It’s hard to know what came first for Rachel Watson (Emily Blunt) in the mystery thriller “The Girl on the Train” — alcoholism or depression. What is apparent is that these two issues were inextricably linked and compounded by one another, and helped fuel her downward spiral.
Depression or Alcoholism: The Chicken-Before-the-Egg Phenomenon
Viewers don’t know if Rachel had some of the traditional risk factors that often lurk behind substance abuse and mental health issues, such as a genetic predisposition, childhood trauma and unhealthy early attachment styles. Either way, it’s pretty obvious that her recent life circumstances may have been quite sufficient on their own to create the perfect storm for depression and alcohol abuse: infertility, failed IVF attempts, an abusive and cheating husband, divorce — the list goes on. Did Rachel become depressed about her marriage and inability to have a child and eventually turn to the bottle to numb the sadness? Did she start self-medicating with alcohol from the get-go, and did her brain chemistry change as a result, spawning symptoms of depression? Had she always struggled with depression and trauma, well-positioned for this fate since childhood? We don’t know that part of her story, but it was likely a combination of all of the above. Ultimately, for someone like Rachel to get better, the how’s, when’s and why’s of her condition aren’t critical to beginning the recovery process, and as an addiction and mental health expert tells us, much of this will come out in the journey toward well-being anyway.
The Challenges of Treating Alcoholism and Depression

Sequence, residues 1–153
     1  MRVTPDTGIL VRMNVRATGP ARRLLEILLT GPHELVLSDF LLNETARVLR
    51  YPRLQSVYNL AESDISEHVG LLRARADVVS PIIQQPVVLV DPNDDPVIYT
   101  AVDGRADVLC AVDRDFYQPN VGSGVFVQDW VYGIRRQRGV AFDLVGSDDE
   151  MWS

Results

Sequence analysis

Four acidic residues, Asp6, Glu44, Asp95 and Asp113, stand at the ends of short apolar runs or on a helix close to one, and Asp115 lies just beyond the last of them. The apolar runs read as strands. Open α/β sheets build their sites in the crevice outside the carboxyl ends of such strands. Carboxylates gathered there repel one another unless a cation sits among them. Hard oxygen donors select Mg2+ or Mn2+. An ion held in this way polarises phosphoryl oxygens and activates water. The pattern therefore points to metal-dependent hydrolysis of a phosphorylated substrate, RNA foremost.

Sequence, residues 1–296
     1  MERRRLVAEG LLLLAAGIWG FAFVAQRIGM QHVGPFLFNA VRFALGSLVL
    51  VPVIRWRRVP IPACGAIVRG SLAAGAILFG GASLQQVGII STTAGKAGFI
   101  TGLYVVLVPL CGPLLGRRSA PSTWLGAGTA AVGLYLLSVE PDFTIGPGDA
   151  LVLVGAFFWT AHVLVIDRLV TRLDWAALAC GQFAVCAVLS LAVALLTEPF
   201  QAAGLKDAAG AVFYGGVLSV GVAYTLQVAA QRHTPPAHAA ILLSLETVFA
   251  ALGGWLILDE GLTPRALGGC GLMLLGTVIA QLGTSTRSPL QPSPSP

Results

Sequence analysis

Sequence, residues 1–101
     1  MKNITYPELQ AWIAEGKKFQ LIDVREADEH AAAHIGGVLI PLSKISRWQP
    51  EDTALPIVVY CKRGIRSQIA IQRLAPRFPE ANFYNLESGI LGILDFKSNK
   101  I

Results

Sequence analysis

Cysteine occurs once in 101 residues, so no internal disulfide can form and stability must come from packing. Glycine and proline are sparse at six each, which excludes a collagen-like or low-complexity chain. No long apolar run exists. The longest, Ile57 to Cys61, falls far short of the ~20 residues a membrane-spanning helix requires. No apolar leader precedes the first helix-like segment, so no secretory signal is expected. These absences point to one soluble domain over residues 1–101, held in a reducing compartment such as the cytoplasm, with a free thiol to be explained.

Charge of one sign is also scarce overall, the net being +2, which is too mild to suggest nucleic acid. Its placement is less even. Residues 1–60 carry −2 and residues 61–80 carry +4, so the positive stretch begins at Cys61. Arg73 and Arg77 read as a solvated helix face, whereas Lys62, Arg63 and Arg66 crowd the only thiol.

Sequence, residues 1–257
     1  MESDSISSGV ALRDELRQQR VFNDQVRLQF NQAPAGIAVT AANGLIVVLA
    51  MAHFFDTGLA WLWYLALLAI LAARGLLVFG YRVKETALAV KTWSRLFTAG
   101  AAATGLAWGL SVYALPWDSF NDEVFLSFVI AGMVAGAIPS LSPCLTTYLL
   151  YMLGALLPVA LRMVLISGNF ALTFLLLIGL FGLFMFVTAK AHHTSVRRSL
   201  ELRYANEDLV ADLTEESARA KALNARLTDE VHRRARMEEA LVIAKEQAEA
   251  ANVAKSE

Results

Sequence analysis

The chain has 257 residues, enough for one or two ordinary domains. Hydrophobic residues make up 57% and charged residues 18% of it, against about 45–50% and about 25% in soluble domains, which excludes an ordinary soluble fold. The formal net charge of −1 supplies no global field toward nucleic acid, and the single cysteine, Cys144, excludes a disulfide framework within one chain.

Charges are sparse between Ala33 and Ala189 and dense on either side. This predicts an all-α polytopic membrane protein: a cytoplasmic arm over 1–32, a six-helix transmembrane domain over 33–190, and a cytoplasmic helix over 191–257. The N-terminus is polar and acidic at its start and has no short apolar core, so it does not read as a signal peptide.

Malika Burman, MD, has been treating people with mental health and substance use issues since 2003. She has both a professional and personal understanding of addiction, having lost close family members to the disease. A board certified psychiatrist, Dr. Burman blends traditional psychotherapy with Eastern and Western philosophy and medicine to help clients address the behavioral and emotional difficulties that hold them hostage. Dr. Burman says that one of the problems with an alcohol use disorder and depression dual diagnosis is that alcohol compounds the symptoms of depression. “The antidepressants and treatments of our time can have a modest effect on depression, but alcohol is such a powerful depressant that it will override all of these treatments,” she says. Alcohol may provide a brief sense of euphoria and escape from problems. In fact, some research shows that alcohol may temporarily mimic the effects of an antidepressant. The problem is, the relief is just that — temporary, and the next morning, or whenever alcohol begins leaving the system, depressive symptoms come back with a vengeance, much like we see happen in Rachel’s situation. This starts the depression/alcohol-to-medicate cycle all over again. “Anyone using alcohol daily or in binge patterns will magnify their depression,” says Dr. Burman. “The brain shuts down and doesn’t have time to recover. Depression gets worse.”
At the Crossroads of Addiction Treatment: Feeling the Feels